My particular bottle is flavoured by a range of 3 different locally grown hops (Macquarie, Brooker & Argyle) picked and brewed on 12th March 2014. It’s another English-style pale ale, but quite removed from the William’s Pale of the last post. This one is a reddish amber in colour and holds a great head. It tastes fresh and young, like the hops it’s made from but there’s a certain complexity too. There’s hints of caramel toffee with a kumquat bitter finish. It really is quite mouth-watering.
There is an ephemeral beauty in a limited edition, this won’t be around for long so go and grab one now. The First Harvest is first class first quencher ……. and I’d like a second!
With a song that just makes me want to ride a horse into the sunset, here’s First Aid Kit with ‘My Silver Lining’ …………………
The William Bull Brewery is unsurprisingly named after a chap called “William Bull” (Billy B to his mates) and was founded by the De Bortoli family. The renowned wine makers originally brewed ale for consumption by the vineyard workers and branched out in to craft brewing about 10 years ago. The Bilbul-based Bull Brewey (try saying that after a 6-pack or 2) produces a range of ales but the Organic Pale is the first I’ve come across.
Now, before all you photo-nazis start pointing out that the picture isn’t straight, it’s the post that not straight. so just tilt your head to the left or your screen to right.
This organic pale is pale indeed, pouring a very clear white gold into the glass. There’s a mild aroma of rock melon and light carbonation. It’s a refreshing ale, more reminiscent of an English pale than an American one, I think this would be great on draught. There’s malt mixed with a subtle citrus bitterness. A great quaffing ale, and being organic, it’s good for the environment too. What’s not to like?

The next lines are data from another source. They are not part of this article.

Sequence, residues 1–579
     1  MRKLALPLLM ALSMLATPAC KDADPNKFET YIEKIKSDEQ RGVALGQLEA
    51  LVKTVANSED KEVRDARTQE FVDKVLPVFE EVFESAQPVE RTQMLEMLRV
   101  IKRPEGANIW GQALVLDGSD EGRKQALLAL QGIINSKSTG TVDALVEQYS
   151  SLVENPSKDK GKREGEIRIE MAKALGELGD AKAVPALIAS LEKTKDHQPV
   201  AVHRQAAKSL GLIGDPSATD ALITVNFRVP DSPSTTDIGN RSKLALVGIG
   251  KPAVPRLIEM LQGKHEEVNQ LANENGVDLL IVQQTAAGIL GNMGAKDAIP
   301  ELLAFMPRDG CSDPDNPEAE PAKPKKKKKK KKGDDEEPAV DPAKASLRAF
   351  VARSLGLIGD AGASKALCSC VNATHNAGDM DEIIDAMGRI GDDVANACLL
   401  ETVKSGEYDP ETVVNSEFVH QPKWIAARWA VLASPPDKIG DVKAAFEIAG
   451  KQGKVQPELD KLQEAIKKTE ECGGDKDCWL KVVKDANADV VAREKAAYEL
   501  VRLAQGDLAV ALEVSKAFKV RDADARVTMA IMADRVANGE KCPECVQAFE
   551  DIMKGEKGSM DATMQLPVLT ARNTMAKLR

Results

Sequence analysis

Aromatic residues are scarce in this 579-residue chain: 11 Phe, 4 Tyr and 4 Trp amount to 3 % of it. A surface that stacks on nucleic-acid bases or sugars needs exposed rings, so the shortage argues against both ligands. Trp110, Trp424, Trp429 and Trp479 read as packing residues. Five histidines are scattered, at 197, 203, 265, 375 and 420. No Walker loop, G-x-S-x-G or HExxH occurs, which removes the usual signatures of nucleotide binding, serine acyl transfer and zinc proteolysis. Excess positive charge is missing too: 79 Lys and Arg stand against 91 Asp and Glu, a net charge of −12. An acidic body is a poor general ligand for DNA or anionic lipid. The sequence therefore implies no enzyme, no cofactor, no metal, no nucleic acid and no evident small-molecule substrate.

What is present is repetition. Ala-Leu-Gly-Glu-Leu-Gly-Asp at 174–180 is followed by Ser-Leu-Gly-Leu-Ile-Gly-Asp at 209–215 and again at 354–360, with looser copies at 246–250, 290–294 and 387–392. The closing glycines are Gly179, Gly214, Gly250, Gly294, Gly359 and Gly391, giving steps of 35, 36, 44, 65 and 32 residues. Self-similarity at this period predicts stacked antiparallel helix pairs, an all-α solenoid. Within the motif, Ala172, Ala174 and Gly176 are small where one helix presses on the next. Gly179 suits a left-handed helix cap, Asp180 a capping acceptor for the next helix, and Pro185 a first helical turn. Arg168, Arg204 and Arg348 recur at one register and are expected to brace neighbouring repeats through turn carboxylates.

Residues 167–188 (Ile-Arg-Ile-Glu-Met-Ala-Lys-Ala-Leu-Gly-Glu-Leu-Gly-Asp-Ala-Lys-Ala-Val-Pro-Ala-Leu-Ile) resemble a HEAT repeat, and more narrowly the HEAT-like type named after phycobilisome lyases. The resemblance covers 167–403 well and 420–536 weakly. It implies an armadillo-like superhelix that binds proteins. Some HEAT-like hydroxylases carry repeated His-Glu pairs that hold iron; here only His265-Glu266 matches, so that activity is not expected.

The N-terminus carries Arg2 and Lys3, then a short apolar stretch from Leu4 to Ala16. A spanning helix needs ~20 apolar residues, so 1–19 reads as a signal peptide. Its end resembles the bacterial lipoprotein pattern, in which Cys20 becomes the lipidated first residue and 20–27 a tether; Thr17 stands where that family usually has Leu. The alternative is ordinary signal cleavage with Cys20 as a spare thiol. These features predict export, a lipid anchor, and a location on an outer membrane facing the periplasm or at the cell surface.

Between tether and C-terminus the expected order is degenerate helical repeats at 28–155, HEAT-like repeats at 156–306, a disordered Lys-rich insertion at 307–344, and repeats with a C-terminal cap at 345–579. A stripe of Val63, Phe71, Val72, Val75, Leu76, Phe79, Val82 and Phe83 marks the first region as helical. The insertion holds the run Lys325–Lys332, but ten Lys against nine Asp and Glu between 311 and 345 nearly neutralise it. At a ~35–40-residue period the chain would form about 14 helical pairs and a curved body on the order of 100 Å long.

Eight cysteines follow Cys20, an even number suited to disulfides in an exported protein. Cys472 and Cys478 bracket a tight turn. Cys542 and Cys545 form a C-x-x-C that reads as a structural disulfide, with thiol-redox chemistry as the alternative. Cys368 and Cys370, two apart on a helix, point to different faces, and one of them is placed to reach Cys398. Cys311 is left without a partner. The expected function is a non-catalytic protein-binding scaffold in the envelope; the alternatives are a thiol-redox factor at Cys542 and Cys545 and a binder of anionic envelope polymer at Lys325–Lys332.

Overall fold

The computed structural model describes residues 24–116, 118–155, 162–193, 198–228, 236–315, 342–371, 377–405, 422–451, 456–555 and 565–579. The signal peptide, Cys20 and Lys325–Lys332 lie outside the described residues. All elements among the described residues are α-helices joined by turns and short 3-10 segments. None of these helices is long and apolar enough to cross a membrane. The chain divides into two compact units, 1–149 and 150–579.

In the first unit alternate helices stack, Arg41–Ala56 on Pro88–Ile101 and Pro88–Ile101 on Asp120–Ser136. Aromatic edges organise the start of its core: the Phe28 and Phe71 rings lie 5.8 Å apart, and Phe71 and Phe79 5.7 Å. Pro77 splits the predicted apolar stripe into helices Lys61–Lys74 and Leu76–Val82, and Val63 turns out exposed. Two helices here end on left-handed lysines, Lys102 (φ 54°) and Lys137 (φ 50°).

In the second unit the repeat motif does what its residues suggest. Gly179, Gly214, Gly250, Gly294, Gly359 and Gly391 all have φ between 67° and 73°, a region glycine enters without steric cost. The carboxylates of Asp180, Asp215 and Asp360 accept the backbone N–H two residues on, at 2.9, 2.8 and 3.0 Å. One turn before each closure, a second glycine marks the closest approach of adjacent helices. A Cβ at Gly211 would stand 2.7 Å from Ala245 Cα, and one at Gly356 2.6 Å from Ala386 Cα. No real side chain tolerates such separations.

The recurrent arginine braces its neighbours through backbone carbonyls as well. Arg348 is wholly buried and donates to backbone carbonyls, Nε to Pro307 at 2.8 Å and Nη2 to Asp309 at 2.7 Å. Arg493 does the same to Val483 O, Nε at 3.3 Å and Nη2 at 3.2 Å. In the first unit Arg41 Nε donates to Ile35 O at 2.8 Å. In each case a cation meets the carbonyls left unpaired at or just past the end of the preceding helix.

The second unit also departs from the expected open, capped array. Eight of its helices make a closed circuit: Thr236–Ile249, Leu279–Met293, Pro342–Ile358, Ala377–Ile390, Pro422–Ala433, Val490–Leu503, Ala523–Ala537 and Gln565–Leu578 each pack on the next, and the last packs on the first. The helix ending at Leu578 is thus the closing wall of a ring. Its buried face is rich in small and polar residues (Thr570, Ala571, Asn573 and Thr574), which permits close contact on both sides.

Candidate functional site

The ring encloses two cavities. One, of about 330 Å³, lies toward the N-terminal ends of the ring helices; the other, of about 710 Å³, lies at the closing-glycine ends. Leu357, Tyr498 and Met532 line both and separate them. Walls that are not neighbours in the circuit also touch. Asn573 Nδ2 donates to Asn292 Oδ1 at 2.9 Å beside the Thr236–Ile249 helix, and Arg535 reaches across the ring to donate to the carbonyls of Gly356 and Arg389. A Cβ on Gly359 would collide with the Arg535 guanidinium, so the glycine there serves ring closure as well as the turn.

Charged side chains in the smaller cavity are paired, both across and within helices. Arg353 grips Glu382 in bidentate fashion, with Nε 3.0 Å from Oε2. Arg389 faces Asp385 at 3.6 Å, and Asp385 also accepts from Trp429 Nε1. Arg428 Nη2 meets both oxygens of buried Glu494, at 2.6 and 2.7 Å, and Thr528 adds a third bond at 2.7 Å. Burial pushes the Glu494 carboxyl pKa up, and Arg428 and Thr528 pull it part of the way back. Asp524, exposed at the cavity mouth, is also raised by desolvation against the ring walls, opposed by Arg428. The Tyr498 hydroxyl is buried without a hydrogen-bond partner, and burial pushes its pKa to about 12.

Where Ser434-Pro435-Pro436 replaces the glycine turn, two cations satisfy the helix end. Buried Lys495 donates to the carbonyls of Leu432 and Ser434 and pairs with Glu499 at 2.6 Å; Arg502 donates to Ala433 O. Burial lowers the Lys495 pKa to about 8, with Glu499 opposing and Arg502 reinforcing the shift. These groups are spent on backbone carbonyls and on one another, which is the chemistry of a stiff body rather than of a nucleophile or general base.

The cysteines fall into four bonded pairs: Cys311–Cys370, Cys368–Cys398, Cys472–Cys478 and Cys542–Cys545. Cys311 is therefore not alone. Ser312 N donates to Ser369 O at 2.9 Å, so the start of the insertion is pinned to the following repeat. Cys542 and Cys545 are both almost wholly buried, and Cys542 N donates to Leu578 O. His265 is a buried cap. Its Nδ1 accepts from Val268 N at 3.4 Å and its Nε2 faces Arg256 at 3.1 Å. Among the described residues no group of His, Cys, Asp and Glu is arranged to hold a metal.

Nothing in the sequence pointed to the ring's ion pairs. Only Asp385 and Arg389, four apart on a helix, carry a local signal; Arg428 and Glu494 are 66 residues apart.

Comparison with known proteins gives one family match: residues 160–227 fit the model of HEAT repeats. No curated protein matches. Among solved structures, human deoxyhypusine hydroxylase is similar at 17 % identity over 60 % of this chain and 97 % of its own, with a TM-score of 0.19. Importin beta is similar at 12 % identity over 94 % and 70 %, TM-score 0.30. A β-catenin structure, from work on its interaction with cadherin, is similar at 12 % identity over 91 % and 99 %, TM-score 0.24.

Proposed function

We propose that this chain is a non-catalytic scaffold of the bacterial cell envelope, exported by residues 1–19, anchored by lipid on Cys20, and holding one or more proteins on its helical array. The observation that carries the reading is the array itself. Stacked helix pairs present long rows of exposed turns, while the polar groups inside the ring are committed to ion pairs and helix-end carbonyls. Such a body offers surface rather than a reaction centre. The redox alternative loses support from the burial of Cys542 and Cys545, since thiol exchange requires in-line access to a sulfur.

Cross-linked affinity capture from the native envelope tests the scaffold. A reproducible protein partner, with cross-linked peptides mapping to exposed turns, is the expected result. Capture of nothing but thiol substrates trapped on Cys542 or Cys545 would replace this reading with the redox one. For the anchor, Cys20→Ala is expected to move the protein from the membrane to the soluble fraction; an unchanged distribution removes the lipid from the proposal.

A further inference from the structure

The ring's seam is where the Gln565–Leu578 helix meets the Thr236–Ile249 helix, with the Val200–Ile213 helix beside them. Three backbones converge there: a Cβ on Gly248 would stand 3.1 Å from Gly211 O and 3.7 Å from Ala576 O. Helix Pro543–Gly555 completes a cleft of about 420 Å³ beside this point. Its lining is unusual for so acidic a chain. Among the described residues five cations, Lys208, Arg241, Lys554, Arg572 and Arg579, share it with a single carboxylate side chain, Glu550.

Here’s the environmentally friendly, vegetarian and organically brilliant Smiths with “William It Was Really Nothing” …. great TOTP countdown too ……
Belgians know how to brew beer. The Belgians at the Leffe Brewery have being doing their thing since 1240. That’s the year 1240, not the time. Traditionally, the beer was brewed by monks, some say this was because they weren’t allowed out of the abbey to go to the pub. I for one am glad they stayed in and put their time to good use.
Leffe Radieuse is a thing of beauty. Amber in colour, it is clear as a bell with a uniform, tightly bubbled head. It’s quite sweet on the nose with a hint of barley wine. I’m not a fan of barley wine, but the Radieuse stops just short. It’s a sipping beer that weighs in at hefty 8.2% and is better left to warm a little. The taste is complex and bittersweet with hints of orange peel. Possibly the original boutique beer, it is one for the connoisseur.
Drink with moules et frittes ………….. et chocolat
Here’s another for the connoisseur, Radieusehead with the achingly beautiful ‘House of Cards’ ………..
‘Fursty Ferret’ by Badger Brewery conjures images of the English countryside, tweed caps and Jack Russels. Brewed by Hall & Woodhouse in rural Dorset, the ‘Ferret’ is a rustic amber ale and simple as a county bumpkin.
I found it a little disappointing and somewhat nondescript. It’s very agricultural in nature, reminiscent of a flat, weak, home-brew ….. I half expected to find a piece of straw in it! It might work better as a draft ale, served via a pump but from the bottle, there’s too much of the ferret in it for my liking. Hall & Woodhouse have been brewing since 1777 and with 237 years practice you’d think they would have got it right by now. No first prize here.
Best drunk with Dorset Knobs.
Here’s Dorset’s greatest export, Polly Jean Harvey, with John Parish, sounding a lot like Television with “Black Hearted Love” ……..